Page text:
Stay tuned to our new posts and updates! Click to join us on WhatsApp L&C-Whatsapp & Telegram telegram Channel
L&C-Silhouette Subscribe
The L&C-Silhouette Basket
L&C-Silhouette Basket
A hand-picked basket of cherries from the world of most talked about books and popular posts on creative literature, reviews and interviews, movies and music, critiques and retrospectives ...
to enjoy, ponder, wonder & relish!
Support LnC-Silhouette. Great reading for everyone, supported by readers. SUPPORT

How to Storyboard a Short Film – Beginner’s Guide

April 17, 2020 | By

If you’re a budding filmmaker who likes the idea of producing a short film, there are probably a lot of ideas buzzing around in your head. You need to think about actors, cameras, lights, and writing a script – there’s a lot to do when you’re making a movie!

You know what makes creating films a lot easier? A storyboard.

Storyboards are a series of panels and writing where you can draw scenes and camera shots from your film, writing the dialogue and talking about the action on the lines next to each panel. It’s a bit like a comic book that helps to plan out your film with drawings and text.

So, how do you make your first storyboard?

1. Get a storyboard template

First things first, you need a good storyboard template. There are many websites like Celtx when you can get a template for storyboards for free, filling in the blanks with your own pictures and words. A good storyboard template gives you plenty of space to draw pictures and write all the necessary information.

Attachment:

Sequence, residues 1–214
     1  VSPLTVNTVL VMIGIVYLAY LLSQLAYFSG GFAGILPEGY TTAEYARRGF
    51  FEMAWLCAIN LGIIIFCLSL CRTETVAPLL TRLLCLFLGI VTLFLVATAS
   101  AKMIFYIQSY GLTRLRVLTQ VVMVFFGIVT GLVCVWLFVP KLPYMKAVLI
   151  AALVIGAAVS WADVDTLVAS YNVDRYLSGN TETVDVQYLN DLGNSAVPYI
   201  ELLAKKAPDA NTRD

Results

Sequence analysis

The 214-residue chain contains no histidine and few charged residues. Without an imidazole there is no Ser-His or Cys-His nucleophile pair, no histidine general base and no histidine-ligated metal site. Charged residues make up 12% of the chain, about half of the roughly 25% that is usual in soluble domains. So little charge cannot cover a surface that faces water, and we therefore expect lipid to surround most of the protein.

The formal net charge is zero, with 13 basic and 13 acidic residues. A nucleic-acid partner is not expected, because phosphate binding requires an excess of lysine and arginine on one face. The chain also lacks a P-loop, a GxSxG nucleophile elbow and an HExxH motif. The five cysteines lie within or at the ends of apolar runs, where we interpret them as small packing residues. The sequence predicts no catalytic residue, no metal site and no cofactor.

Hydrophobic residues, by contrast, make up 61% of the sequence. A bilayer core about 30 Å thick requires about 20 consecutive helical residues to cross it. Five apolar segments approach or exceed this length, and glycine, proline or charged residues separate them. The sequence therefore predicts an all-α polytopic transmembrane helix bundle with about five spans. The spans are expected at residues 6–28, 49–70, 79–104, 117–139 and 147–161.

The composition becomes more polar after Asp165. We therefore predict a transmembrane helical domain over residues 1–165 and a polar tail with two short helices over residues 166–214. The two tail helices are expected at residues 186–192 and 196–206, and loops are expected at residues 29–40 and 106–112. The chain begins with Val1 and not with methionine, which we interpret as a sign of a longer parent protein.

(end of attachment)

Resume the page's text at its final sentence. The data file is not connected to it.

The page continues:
2. Think carefully about your script

If you’ve already got a script, take a look at your writing and imagine how the words will translate to visual film. How do you see the very opening of the film? Is there a wide establishing shot of the setting? Perhaps there is an extreme close-up on a prop that’s very important to your main character.

Go through your script line by line and imagine how it’s going to be filmed. What camera angles are you going to use? Will the characters be walking? Are there certain props you need to focus on? What setting will the scenes be in and what does it say about the characters’ lives?

3. Start drawing your storyboard panels

Get drawing on your storyboard! You don’t need to be Picasso – stick people are fine if you’re not a natural artist. Don’t worry about keeping all of the shots exactly like your drawings – it’s just good to get your visual ideas down on paper.

Once you draw the opening of your movie, shot by shot, you might decide that it doesn’t look quite right. If so, start again or make changes. It’s all a learning process!

4. Write in the dialogue

When you’re writing next to your pictures, make sure you include any dialogue that the characters say to each other.

Do they speak to each other while both in the same camera shot or does it cut back-and-forth? Are they looking at each other as they speak, or looking at a landscape in the distance? Do they shout angrily or speak calmly? All these details matter.

5. Think about camera angles and movement

Think about different camera angles and whether they suit your film. Are the angles wide or close-up? Do you want to show the scenery or hone in on the characters? Remember that different camera angles represent different themes and emotions.

For example, high-up angles make people look small or inferior, while low-down angles make people seem powerful and dominant. A shot with 2 characters in at the same time often implies that they’re stiff and distant, but showing them from 2 separate single shots makes them appear closer or more comfortable with each other.

6. Plan out the lighting

It’s often forgotten about, but lighting is very important in film! When drawing your storyboard, consider how you want each scene to be lit. Is it dark and moody or bright and optimistic? Even on a shoestring budget, it’s possible to make cool and unique lighting setups for your film.